Companies of all sizes will benefit from having clearly defined objectives that you can then track your progress against. If one of your goals is to increase product sales on your website, you will want to track HOW people find you. Was it the blog, Twitter, LinkedIn, a Facebook ad, or that amazing sales article your sales manager just wrote? You can use tools like Google Analytics to help you track how many visitors visit your website, as well as give you clues as to what they focused on they got there.


Remember that social media and the world of social networking are here to stay. See it as a threat or an opportunity. It’s your choice!

How Are You Handling Disruption?

We are living in an age of what many innovation experts are calling “disruption”. What a perfect word to describe what’s happening at this very moment.

This much needed disruption is shaking us out of our comfort zones forcing us to fundamentally re-think what we know about business - or thought we did. Similar to when we moved from an agrarian society to an industrial one, we are faced with a transition unlike anything we’ve ever seen. Unfortunately, some people and businesses are going to struggle with this disruption more than others.

Business owners and sales people must consider how this disruption changes the way they approach the sales process and devise strategies for addressing it. How you get attention with your potential customers when they are so overwhelmed with choices will all start with creating “value” in a virtual world with people you may never actually meet. Creating online relationships that will lead to closing sales is going to require that 3 things happen:

  • You have a plan and a purpose for what you are doing.
  • You choose the right tool(s) to support your sales goals.
  • You LEARN and USE the tools consistently day in and day out.

As you begin to join in on group and online community discussions like you’ll find on LinkedIn, Twitter and Facebook, you will have to understand that you don’t “sell” while joining in on the conversation. Instead of talking about what you or your product does; you will be demonstrating your expertise and industry knowledge as you share your tips, advice, information and helpful hints with others without expecting anything in return.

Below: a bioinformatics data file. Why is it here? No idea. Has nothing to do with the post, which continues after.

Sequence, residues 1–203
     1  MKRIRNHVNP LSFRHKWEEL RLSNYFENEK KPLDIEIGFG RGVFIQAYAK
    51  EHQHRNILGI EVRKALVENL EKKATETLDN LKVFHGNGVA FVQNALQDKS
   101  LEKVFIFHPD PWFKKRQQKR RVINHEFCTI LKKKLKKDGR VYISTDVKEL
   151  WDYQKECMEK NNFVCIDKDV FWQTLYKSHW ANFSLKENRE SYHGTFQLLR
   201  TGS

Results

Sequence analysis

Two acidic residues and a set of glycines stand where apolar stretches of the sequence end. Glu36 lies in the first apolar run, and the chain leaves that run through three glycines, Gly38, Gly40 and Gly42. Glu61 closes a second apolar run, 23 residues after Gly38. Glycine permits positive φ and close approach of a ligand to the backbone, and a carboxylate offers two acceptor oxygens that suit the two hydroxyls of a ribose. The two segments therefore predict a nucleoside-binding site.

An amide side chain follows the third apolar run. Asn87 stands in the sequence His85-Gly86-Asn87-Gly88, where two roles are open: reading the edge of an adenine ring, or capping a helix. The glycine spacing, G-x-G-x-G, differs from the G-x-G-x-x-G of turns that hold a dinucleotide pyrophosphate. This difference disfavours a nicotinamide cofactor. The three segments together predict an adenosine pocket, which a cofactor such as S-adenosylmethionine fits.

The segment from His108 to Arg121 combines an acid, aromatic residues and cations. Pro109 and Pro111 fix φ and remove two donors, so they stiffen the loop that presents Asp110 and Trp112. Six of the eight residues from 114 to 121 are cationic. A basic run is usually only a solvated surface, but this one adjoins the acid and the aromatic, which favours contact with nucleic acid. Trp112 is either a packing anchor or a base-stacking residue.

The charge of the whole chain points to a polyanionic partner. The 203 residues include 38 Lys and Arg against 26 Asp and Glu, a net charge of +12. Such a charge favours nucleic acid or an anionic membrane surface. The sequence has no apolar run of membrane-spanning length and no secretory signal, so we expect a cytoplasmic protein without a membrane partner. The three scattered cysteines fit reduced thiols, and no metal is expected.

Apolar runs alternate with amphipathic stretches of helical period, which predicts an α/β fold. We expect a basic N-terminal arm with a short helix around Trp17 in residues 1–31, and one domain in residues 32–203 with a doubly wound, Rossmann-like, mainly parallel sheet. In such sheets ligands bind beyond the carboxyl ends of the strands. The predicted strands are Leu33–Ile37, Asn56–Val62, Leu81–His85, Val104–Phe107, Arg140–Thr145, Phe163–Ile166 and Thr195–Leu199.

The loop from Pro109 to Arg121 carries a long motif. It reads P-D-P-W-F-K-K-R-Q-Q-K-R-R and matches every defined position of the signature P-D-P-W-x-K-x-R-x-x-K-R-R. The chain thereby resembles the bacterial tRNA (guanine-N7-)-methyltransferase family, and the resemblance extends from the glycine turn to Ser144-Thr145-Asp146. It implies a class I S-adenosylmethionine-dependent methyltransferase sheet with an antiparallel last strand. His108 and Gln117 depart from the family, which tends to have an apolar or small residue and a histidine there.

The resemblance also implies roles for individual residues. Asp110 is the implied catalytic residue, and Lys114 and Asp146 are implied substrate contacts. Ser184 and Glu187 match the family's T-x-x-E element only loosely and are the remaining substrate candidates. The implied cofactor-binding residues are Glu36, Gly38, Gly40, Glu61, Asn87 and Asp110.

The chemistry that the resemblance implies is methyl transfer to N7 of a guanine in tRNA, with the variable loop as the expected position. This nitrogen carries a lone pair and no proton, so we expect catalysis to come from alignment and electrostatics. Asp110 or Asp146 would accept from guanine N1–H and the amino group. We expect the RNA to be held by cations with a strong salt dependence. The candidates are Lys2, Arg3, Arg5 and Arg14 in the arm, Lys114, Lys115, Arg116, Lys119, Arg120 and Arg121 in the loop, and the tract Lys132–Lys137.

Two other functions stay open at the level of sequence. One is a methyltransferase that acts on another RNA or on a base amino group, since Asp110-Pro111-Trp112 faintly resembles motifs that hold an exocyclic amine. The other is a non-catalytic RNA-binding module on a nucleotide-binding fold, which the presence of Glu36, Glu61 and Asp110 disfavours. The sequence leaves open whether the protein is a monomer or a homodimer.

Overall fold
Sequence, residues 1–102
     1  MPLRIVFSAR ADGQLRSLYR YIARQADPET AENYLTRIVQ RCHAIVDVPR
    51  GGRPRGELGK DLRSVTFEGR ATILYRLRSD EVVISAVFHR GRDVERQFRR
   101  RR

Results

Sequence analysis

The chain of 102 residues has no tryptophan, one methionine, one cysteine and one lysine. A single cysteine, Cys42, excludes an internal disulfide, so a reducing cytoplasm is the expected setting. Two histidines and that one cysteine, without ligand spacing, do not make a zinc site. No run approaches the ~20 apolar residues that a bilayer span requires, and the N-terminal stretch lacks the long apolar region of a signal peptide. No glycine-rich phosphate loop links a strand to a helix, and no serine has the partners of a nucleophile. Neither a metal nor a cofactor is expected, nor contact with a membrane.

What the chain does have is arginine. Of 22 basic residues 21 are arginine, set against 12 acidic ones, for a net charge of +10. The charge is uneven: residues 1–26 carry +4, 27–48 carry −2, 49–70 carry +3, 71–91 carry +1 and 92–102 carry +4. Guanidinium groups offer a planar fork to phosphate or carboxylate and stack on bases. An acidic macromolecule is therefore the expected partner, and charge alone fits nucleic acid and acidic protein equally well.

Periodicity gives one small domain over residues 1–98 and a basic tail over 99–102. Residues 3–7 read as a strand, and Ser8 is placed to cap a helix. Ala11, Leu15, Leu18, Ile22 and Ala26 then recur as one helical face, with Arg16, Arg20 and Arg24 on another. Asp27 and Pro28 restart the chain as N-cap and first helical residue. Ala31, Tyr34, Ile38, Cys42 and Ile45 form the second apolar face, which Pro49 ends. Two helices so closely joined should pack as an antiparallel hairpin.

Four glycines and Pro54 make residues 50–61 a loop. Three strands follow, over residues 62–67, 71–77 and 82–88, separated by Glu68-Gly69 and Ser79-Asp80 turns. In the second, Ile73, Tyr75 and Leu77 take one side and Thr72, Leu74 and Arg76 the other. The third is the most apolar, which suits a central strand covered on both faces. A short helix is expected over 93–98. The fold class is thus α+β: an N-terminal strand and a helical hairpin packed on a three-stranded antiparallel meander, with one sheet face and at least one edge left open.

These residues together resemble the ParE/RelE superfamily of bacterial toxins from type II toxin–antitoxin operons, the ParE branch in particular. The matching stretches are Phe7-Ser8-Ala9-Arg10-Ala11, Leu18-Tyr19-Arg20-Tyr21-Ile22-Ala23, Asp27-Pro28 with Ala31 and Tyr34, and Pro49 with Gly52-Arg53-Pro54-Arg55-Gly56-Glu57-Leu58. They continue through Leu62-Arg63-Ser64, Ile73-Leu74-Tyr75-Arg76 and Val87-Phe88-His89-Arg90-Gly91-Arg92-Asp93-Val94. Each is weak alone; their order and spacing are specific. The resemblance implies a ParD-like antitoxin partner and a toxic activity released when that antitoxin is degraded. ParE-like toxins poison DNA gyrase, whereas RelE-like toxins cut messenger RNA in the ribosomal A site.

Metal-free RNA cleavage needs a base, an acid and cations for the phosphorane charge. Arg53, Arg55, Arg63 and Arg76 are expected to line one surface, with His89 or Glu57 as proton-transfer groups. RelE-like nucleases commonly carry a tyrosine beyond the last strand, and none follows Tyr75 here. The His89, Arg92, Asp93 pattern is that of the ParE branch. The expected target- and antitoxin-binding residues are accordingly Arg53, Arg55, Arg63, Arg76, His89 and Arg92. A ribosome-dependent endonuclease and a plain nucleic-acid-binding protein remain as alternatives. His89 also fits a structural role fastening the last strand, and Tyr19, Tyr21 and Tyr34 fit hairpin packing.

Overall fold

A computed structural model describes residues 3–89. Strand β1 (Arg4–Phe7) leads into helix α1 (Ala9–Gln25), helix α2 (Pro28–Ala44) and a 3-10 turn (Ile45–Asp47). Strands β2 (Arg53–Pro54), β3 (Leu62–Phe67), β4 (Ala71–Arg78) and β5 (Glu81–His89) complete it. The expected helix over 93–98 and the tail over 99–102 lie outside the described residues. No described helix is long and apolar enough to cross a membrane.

How sales people will uncover opportunities, research trends, keep on top of their competition and network completely changes the way the game is played. And they must also be realistic in their expectations, because social media is not a “quick fix” nor does it bring you sales overnight. Like great offline selling, it takes time to build the relationships that lead to closing business.

While you won’t get rich overnight as you embark down the social media path, you can’t afford not to get started right now. The train has already left the station, so you need to get moving to catch up!

How Do You Use Social Media Tools To Sell?

What do you use to build your network? Linked In, Plaxo? - once you have your profile, how are you using it?

What about Facebook, Twitter - using them? What things have you done that have successfully attracted clients?

What’s your blog strategy? Do you know why a blog is important?

Love to hear how you are using social media to attract more clients and sell more often!